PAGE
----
On Bobby Convey’s progress with the Men’s National Team …
“He did very well as the left back against Canada, although it wasn’t a game where he was tested defensively.  He did his job in the position and contributed to the attack when needed.  As an overall player, I believe he has gotten better in MLS playing in the midfield position.  He has a lot of talent for a 19-year-old and is confident and very mature for his age.”

On the style he expects Argentina to play against the USA …
“I don’t think I can answer that because you can never tell how a game will unfold.  I think this will be a game where we will be defending for 90 minutes.  With Argentina, of course, we will go forward to create some goal scoring opportunities and I’m sure they will do the same.  They are an outstanding team, but I will not sell our team short and I think this will be a great game.”

PABLO MASTROENI - U.S. Soccer Midfielder / Defender

On his family’s Argentina connection…

“I don’t have many memories since I came to the USA when I was four, however I went back to Argentina and trained twice two months at a time and I fell in love with Argentinean Football.  That is something that we watched a lot in my parent’s house.  Obviously, a lot of my heritage and customs are from Argentina and from that aspect it is a special game. Anytime, you are on the field, you want to win and there are no feelings for a country that you left several years ago.  Most of it comes from my father who grew up in Argentina.  So he will probably be more into it than I am.  I grew up in America, raised by Americans, I play American soccer and am part of the American team, so my main objective is to represent the USA on Saturday and play well and hope the team can come out victorious.”

On possibly being named captain for the match against Argentina…
“Obviously, it is a nice honor, but the most important thing is that it is another international friendly.  It is going to be a great experience, being born in Argentina and always watching them growing up, but to me it is no bigger match than any other international friendly.  It will be a real competitive game and I’m really looking forward to the challenge.

On his family’s loyalties for this game …
“To be honest I haven’t even spoke to my dad about it. I’m not really worried so much about what my family thinks.  I’m sure he’s going to be torn both ways, but I’m sure at the end of the day he’s going to support his son, who is playing with the U.S.”

On if he is becoming more vocal and taking more of a leadership role …
“I think so, especially in that position in the middle of the field, it just helps everyone to be a little more vocal.  Being one of the older guys with Clint (Mathis), I am taking on some of the leadership responsibility.  It is split evenly across the board, and the youth are just as important as far as being leaders as I am and Clint is. It is a lot of good, collective leadership. I find myself being a little more vocal and trying to do as much as I can to make the other guys’ jobs easier.”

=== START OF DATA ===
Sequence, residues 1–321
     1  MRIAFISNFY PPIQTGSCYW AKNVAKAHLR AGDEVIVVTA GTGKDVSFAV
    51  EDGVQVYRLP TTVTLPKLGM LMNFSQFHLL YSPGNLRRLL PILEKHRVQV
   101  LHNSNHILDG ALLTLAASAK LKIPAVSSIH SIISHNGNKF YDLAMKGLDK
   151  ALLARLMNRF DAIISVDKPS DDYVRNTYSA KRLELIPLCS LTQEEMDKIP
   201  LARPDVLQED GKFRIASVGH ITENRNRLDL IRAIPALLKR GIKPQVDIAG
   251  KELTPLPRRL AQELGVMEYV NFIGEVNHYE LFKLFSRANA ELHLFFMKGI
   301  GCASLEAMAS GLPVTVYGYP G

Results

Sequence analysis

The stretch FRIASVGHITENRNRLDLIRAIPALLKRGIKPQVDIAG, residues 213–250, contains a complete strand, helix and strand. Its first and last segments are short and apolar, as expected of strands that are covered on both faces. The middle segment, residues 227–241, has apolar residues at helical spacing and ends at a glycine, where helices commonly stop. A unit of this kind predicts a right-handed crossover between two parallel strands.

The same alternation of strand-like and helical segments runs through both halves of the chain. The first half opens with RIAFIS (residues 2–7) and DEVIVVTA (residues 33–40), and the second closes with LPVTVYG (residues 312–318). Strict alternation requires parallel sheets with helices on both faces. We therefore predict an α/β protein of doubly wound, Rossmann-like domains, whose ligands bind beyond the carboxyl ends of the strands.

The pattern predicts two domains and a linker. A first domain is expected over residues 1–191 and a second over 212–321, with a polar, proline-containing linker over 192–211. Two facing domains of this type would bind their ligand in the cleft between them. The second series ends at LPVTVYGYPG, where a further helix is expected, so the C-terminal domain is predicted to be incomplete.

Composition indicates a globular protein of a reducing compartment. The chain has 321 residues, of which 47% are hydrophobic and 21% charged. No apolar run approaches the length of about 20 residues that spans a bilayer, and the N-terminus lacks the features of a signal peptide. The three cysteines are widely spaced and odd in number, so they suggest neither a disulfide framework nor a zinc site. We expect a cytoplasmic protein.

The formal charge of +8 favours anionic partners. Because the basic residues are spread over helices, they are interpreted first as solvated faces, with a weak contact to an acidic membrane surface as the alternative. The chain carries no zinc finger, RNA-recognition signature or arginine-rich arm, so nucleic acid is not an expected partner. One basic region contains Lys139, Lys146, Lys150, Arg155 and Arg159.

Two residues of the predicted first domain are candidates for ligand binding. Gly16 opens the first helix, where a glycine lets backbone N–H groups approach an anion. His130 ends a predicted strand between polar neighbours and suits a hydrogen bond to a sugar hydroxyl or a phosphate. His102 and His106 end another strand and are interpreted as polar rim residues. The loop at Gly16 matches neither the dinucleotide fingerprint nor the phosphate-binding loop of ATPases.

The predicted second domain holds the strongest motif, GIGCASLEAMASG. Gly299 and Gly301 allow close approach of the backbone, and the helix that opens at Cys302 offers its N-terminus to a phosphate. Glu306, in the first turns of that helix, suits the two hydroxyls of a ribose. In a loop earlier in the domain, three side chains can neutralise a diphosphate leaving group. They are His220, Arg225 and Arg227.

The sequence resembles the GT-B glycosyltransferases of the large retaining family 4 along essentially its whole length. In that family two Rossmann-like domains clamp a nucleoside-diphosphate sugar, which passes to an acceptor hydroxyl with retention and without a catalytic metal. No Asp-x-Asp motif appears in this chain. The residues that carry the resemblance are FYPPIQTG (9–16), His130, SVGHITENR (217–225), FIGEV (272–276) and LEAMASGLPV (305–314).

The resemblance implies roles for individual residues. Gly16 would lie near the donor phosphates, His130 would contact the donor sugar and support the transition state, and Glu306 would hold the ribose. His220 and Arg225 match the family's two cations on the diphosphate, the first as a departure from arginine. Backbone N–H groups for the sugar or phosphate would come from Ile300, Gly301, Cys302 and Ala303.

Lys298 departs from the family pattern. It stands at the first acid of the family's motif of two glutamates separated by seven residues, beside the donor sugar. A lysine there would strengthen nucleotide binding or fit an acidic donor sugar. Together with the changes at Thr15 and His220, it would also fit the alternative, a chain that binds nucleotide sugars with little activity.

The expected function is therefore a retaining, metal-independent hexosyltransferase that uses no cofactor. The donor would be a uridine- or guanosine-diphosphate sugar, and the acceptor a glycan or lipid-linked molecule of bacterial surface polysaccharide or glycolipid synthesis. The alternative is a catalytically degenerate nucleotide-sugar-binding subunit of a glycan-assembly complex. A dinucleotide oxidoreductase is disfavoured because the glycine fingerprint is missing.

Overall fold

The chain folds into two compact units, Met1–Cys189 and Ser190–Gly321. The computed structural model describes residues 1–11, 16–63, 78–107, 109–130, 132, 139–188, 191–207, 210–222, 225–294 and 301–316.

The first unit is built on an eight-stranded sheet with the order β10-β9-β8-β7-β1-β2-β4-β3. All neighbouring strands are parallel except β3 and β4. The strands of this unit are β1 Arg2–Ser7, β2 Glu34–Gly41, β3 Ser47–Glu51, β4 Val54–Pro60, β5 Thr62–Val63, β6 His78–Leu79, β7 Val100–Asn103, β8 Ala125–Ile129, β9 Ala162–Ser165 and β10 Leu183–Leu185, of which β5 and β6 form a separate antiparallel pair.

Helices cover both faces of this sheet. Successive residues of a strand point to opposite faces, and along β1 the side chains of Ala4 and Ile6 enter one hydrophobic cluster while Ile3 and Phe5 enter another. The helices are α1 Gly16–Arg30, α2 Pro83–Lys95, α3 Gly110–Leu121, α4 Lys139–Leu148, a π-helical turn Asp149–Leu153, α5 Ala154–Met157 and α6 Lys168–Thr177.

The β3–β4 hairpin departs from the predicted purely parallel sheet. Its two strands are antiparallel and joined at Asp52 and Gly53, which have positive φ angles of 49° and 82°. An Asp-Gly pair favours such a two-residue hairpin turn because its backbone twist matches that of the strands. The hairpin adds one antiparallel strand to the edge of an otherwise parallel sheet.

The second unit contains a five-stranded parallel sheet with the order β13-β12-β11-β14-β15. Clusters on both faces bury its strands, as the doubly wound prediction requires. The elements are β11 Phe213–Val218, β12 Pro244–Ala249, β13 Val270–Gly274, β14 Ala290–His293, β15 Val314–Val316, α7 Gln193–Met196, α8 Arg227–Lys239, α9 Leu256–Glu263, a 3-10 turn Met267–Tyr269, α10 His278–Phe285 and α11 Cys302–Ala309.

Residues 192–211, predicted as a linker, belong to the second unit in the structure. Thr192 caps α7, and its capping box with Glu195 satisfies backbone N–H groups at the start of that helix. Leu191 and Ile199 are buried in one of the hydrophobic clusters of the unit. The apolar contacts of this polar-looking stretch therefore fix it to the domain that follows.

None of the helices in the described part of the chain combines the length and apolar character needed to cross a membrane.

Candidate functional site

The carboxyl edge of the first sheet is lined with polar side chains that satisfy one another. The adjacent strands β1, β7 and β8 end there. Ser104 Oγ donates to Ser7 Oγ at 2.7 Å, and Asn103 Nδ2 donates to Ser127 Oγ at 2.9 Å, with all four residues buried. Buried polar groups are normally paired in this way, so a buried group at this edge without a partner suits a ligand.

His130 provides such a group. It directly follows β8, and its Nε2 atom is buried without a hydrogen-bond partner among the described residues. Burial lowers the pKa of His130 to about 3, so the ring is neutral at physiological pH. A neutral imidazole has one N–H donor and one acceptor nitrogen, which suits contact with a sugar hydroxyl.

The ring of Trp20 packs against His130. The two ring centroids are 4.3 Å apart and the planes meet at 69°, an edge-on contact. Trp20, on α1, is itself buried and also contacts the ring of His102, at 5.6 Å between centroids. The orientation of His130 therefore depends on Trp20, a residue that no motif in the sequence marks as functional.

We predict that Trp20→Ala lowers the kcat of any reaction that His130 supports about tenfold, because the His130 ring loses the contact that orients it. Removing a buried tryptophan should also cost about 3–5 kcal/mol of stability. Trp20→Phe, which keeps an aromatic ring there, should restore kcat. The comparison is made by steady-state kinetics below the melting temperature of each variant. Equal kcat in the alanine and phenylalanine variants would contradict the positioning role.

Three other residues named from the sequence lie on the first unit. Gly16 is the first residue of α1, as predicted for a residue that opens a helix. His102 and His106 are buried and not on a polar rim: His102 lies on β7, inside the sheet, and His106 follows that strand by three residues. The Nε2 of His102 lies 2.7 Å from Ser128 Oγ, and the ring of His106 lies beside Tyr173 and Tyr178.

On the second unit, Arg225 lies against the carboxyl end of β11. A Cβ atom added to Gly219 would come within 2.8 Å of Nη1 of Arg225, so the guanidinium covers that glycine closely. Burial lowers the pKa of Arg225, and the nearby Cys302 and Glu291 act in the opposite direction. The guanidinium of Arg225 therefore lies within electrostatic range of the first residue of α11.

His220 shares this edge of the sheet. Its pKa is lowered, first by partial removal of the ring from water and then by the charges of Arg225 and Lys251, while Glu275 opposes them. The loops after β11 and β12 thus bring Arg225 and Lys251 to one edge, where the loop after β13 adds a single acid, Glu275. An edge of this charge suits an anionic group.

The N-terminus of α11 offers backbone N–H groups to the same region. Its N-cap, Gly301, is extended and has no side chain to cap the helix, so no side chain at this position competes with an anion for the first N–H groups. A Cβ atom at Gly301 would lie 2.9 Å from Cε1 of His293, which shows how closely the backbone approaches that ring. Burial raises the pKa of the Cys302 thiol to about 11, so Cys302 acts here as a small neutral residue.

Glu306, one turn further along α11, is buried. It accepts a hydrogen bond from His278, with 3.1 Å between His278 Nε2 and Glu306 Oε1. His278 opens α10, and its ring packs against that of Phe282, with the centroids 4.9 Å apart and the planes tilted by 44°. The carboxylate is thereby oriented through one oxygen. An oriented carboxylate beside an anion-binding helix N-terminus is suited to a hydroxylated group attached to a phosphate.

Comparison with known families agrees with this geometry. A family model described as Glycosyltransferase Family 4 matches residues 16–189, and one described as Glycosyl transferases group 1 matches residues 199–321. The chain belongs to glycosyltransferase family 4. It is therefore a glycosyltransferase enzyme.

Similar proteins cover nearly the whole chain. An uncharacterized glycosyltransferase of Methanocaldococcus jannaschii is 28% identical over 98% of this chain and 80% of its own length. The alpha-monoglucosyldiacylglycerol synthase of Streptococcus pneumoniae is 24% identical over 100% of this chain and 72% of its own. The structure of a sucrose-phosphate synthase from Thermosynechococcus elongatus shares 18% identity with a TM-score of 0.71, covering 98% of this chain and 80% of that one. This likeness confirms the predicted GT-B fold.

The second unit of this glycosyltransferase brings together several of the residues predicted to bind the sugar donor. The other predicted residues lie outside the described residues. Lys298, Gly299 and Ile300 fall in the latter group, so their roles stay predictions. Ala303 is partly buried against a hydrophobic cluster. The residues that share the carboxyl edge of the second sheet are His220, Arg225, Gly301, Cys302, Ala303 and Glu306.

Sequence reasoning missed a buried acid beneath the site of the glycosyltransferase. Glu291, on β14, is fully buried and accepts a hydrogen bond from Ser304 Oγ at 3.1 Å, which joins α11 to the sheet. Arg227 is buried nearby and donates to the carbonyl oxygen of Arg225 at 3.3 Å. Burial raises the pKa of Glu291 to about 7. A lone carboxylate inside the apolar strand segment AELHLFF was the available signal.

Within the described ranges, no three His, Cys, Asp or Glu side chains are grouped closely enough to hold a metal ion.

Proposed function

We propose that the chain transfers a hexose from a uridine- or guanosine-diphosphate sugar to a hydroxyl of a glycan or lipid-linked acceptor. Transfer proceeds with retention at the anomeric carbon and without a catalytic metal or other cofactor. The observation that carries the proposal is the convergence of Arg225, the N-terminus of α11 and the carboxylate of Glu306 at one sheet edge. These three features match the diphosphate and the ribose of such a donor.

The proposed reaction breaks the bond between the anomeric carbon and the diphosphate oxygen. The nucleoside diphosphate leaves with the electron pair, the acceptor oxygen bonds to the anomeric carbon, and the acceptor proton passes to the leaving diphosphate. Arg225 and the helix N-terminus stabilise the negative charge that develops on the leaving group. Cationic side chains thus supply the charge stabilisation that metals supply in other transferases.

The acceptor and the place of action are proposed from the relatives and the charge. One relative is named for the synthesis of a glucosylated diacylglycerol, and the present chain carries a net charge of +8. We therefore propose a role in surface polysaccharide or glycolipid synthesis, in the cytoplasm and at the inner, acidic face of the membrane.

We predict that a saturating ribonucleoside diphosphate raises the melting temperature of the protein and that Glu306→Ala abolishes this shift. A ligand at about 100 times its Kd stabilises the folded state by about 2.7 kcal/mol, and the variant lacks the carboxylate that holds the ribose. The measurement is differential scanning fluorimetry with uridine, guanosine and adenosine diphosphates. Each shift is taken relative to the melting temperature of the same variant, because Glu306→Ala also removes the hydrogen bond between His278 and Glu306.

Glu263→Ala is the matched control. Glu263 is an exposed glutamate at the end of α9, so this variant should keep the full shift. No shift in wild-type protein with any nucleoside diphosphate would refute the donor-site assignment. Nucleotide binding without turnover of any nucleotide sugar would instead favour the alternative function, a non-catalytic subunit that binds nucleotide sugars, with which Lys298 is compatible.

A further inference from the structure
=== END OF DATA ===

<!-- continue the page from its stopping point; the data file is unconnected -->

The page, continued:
On Argentina in the last World Cup and pressure on future teams …
“It’s apparent that anytime the Argentines step on any field that they feel like they should win, and any defeat whether a World Cup or a friendly is a big disaster to the country, because soccer is everything I guess.  The World Cup was tough for them, and it was interesting to see that once Argentina was eliminated, the city that I grew up in Argentina – Mendoza – was kind of riding on the U.S. coattails.  I still have family in Mendoza, and my family was being hounded by the media. It was interesting that so many Argentines were interested in the U.S. National Team after Argentina was eliminated.  Soccer is just so big that they find anyway to stay attached.”

On his days with the Fusion …
“Under Ivo Wortmann everything was really controlled. He was an amazing tactical coach. There was always a scheme, and there was always a plan.  Ray came in during tough times, and he wanted everyone to be who they were and he wanted them to express themselves.   We had dynamic players in Preki, (Ian) Bishop, Diego Serna and guys who he felt like if we had any kind of defensive shape going forward everyone had the ability to express themselves.  For the first time in my professional career I felt I was able to get back to some of the things I enjoyed and going forward and making my own decisions going forward.  Obviously we had a plan in defense.  He was a guy who really enjoyed great ‘football’ as he would say. It was a new life for me in that I was able to play the way I have always wanted to play.”

On Beasley, Donovan and the differences in their leadership …
“I think both of these guys have a crazy amount of confidence on the field.  When Beasley gets the ball he takes players on and Donovan has composure and his vision has improved over the years and him wanting the ball at all times puts him in well deserving of number 10.  These guys are leaders, not vocal leaders but leaders by example.  They are excellent professionals and it is great they are doing it at such a young age.”